Instructional Procedures

  1. Have students secure the Styrofoam™ plate upside down on their desk with tape.
  2. Have students tape the Styrofoam™ cup to the inside of the aluminum pie pan making an insulating handle for the pie pan.
  3. Have students rapidly rub the Styrofoam™ plate with the piece of woolen cloth. Make sure they do not touch the plate with their hand as they are rubbing it. This process may take up to a minute.
  4. Holding on to the Styrofoam™ cup handle, have students carefully place the aluminum pie pan on the Styrofoam™ plate.
  5. They are now ready to the follow directions from and make observations on their Electrophorus Observation Sheet.
  6. After completing the first part of the Electrophorus Observation Sheet, have students attach a sewing needle to the edge of the aluminum pie pan using masking tape. Make sure that the sharp edge of their needle is pointing out and that it sticks out further than the edge of the pie pan.
  7. Rub the Styrofoam™ plate with the woolen cloth and repeat the same steps as before. Have your students make observations on the second half of the Electrophorus Observation Sheet.
  8. Record their conclusions in a science journal or notebook.

Extensions:

Curriculum Extensions/Adaptations/Integration
Have other materials available for the students to experiment with in replacing the Styrofoam™ plate. Will other materials allow the experiment to work? Will some work better than the Styrofoam™ plate? Suggestions are several types of plastic, cardboard, metal cookie sheets. The students can also experiment with fabrics that can replace the woolen fabric and also other materials to replace the sewing needle.

Family Connections

  • Have the students go on a “Static Scavenger Hunt” at home looking for as many examples as they can find of static electricity.
  • Have students go to the gas station and look at the Static Warning signs on gas pumps and then come back to class and discuss it.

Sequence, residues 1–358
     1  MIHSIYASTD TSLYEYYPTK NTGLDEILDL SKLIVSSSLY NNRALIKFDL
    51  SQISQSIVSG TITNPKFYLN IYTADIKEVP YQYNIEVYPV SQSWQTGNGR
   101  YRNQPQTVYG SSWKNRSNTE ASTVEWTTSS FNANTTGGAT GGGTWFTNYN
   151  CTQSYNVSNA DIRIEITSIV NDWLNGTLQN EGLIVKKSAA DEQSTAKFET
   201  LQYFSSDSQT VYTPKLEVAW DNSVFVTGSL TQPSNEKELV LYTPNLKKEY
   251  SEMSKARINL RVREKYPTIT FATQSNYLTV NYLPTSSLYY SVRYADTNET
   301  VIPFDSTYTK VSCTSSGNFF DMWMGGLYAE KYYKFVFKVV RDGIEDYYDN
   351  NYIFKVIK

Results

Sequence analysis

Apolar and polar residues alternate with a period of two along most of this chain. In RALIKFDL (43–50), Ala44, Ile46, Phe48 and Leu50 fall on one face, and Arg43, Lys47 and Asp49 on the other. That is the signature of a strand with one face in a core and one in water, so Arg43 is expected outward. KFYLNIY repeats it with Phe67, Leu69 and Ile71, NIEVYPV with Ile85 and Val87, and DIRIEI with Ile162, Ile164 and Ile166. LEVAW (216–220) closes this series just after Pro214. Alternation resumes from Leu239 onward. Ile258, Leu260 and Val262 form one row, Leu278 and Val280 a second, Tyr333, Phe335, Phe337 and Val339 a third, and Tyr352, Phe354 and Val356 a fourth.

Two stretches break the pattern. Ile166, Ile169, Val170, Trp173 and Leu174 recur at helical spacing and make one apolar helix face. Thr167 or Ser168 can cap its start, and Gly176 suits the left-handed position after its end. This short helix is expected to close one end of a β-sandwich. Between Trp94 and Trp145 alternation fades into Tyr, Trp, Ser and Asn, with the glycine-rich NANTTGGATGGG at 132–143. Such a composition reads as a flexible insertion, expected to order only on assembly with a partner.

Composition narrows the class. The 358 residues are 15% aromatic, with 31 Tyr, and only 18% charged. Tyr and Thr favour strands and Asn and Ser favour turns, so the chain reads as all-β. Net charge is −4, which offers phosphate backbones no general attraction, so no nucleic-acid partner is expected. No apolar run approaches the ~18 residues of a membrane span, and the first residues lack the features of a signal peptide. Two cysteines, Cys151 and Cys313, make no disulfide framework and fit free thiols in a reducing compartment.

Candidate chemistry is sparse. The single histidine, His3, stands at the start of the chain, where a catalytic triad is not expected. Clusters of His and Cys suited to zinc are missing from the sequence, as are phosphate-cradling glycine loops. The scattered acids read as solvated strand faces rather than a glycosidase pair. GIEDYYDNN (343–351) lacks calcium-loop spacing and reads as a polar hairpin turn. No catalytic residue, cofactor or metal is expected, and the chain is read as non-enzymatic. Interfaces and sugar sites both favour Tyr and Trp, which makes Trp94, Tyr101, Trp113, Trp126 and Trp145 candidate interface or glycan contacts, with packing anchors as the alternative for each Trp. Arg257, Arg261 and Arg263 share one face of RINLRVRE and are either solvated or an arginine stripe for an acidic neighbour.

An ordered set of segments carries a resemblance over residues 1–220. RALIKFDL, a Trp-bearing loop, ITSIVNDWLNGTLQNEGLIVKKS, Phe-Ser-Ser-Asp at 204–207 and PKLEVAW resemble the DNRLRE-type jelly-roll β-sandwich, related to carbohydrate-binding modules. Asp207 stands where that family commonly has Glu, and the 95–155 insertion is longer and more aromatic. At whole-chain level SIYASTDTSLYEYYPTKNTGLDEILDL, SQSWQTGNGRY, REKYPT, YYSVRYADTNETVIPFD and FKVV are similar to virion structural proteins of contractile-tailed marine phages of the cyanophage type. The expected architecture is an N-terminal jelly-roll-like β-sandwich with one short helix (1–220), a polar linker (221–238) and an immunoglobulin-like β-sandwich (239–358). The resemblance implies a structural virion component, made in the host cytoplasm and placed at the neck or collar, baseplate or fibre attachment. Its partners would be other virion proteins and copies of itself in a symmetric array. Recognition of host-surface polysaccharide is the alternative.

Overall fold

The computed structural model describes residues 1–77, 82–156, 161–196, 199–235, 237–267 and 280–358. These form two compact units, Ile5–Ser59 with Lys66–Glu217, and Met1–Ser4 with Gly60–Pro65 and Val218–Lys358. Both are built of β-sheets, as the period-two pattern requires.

Assessment Plan:

  • The Electrophorus Observation Sheet will serve as the best assessment tool. The assembly of the electrophorus and the correctness of the students’ observations will help evaluate student performance.
  • The students may discuss the activity in groups. Group consensus may serve as another way to evaluate student performance.

Bibliography:

Burns, Marilyn. (2005). Looking at how students reason. Educational leadership, Volume 63.3, pp. 26-35.

Marianne Barnes, & Kathleen Foley (1999). Inquiring into three approaches to hands-on science in elementary and secondary science methods courses. Ebsco publishing. Retrieved January 14, 2006, from http://www.unr.edu/homepage/crowther/ejse/barnesfoley.html

All students need to learn scientific skills, such as observation and analysis. Active, student-centered inquiry, in which students learn to apply scientific problem solving, should be at the core of science education. Learning through well-planned activities and experiences promotes cause and effect thinking and the questioning of observed events and resulting data.

Author:
Utah LessonPlans

Created Date :
Jun 28 2006 08:54 AM

 12917 
© Utah Education Network in partnership with the Utah State Office of Education and Higher Ed Utah.
UEN does not endorse and is not responsible for content on external websites linked to from this page.